Federal, state and local governments employ 22 million people—about 14% of the total U.S. workforce. They collect information from residents across a seemingly limitless range of topics. To paraphrase Willie Sutton, government is an obvious target for hackers because that’s where the data is.
Not surprisingly, government agencies have fallen victim to some of the biggest breaches ever. In 2006, for example, thieves stole 26.5 million records from the U.S. Department of Veterans Affairs. In 2015, took 21.5 million records from the the Office of Personnel Management.
The unfortunate reality is that government agencies tend to have lax security. In a 2018 benchmarking report by Thales eSecurity, 57% of public sector respondents said their agencies had been breached in the past year. That’s more than any industry in the private sector and far above the 36% average across all sectors. In all, 70% of government agencies have been breached at some point, according to Thales.
An official report to the president called the federal IT infrastructure “out‑of‑date” and “incapable of operating with the agility and security that is required.”
Securing public IT infrastructure is already a daunting task, given the government’s massive footprint and sprawling mandate. Compounding matters, cybersecurity is “kind of an afterthought” for many agencies, says Steve Tcherchian, CISO at cybersecurity vendor Xypro.
A complete teardown and rebuild isn’t in the cards. But there are concrete steps that government agencies can take to reduce their vulnerability. Here’s a brief list.
More planning, less spending
Government agencies may not have the same robust defenses as leading‑edge companies. But security isn’t just about the latest, greatest systems. Careful planning and a thoughtful approach can make the biggest difference.
“Right now, everyone is focused on adding shiny new tools to their arsenal, but they do a horrible job of making sure the tools are used effectively,” says James Goepel, CEO and general counsel of cybersecurity vendor Fathom Cyber.
Unpatched software and other known problems that no one has bothered to fix generally pose a greater threat than one‑of‑a‑kind hacks, says Sean Convery, general manager of ServiceNow’s security and risk business.
It’s like securing your home, Convery adds. “While it’s fun to think about how to stop a drone from coming out of your chimney, you’re much better off fixing a broken window on the ground floor or a door that’s hanging off its hinge.”
That’s why agencies should start by mapping their attack surface, meaning all the potential points of entry for hackers or malware across networks, applications, and devices.
Goepel offers a tip to keep everyone focused: Share information about vulnerabilities in a way everyone can understand. “When I take my car in for repair, I don’t expect the tech to tell me the 25‑amp P‑channel MOSFET on the analog‑to‑digital converter board shorted out,” he says. “I expect her to tell me my CD player is on the fritz and she can replace it for $175.”
Move to the cloud
Large cloud providers tend to have robust security teams. Moving software and infrastructure to the cloud can save agencies money while fully leveraging the technical expertise and security strengths of those specialized vendors, says David Wagner, CEO and president of Zix, an email encryption company.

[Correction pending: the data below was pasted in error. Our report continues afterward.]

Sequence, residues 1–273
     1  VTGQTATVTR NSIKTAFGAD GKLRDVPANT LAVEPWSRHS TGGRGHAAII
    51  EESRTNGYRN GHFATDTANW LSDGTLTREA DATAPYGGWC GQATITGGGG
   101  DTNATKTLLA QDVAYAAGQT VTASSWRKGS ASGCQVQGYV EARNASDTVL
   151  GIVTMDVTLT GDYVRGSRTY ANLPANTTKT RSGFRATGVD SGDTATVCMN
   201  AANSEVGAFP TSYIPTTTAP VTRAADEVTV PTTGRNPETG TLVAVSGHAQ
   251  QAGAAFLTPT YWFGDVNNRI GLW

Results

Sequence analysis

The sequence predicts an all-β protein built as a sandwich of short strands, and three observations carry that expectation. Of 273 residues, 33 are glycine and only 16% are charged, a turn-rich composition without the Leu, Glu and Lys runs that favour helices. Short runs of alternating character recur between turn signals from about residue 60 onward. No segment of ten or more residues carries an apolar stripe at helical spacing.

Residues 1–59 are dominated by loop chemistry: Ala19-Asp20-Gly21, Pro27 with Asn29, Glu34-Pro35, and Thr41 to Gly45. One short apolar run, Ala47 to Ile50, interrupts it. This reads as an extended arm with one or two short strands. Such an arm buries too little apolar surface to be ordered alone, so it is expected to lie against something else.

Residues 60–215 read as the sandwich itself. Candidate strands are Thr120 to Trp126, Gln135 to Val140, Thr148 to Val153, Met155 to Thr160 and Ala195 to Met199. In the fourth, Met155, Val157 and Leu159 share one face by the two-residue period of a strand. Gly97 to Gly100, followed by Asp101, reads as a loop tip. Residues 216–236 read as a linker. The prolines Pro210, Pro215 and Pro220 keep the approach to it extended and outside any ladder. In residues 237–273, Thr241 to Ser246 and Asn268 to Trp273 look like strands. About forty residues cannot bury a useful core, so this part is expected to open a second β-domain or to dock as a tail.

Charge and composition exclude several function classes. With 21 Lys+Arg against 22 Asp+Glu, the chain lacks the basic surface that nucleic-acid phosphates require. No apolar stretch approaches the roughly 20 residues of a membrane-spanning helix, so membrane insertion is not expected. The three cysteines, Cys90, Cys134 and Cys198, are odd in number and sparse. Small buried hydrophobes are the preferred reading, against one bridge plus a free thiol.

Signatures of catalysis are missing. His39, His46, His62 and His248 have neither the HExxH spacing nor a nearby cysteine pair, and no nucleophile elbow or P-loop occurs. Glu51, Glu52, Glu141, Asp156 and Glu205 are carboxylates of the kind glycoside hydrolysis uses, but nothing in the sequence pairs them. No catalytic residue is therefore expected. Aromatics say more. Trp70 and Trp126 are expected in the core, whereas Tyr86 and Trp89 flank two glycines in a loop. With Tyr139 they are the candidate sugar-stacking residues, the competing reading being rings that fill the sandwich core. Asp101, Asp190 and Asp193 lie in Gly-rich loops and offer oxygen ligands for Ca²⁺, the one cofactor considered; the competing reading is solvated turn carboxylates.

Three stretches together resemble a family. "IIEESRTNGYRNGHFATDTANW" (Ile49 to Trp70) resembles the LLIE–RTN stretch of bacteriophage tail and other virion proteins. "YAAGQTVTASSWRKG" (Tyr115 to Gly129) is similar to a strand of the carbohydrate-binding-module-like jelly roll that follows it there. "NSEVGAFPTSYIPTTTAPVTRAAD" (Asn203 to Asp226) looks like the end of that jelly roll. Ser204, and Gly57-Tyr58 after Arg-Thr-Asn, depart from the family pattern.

This isn’t a new idea. In 2009, the Obama administration adopted a cloud‑first model for federal IT and set a target for agencies to move 15% of their IT spending to the cloud by 2016. No federal agency met the target.
In its official report to the president, the American Technology Council blamed poor prioritization and resource allocation for the debacle. The council suggested several steps to facilitate government’s move to the cloud. They included improving the contracting process, focusing on email and collaboration tools, and adopting a shared‑services approach across agencies.
A better process
The public sector also needs to think differently about security. Agencies can integrate security with IT by adopting an emerging cybersecurity practice called DevSecOps. Inspired by the DevOps software development methodology, DevSecOps brings security into the heart of the software development cycle instead of leaving it until the end, says security expert Mikkel Wilson.
DevSecOps “isn’t a specific product or service, but a cultural shift in how software engineering teams operate,” says Wilson, a volunteer member of the Cloud Security Alliance working group on DevSecOps. “Embedding security engineers into software development teams moves this security and compliance check earlier into the development process where it’s easier and less expensive to make changes.”
Less buying, more evaluation
Government agencies are drowning in vendors trying to sell them security products. Instead of buying, they need to spend more time researching the tools that work best for them, says Craig Koroscil, vice president of cyber education and training at Circadence.
“There are a vast number of competing technologies out there, and usually the best marketing or sales pitch gets them in the door,” he says. Switching costs are high, so agencies often wind up sticking with subpar technologies. To avoid this fate, Koroscil recommends that agencies invest in research, integration and comparison of available technologies.
The bottom line? Security is complicated, especially at the government level. These recommendations don’t negate the need for security best practices like data encryption, multi‑factor authentication, regular software updates, and a robust suite of anti‑malware tools.
But when things aren’t working, a new approach can be the best place to start.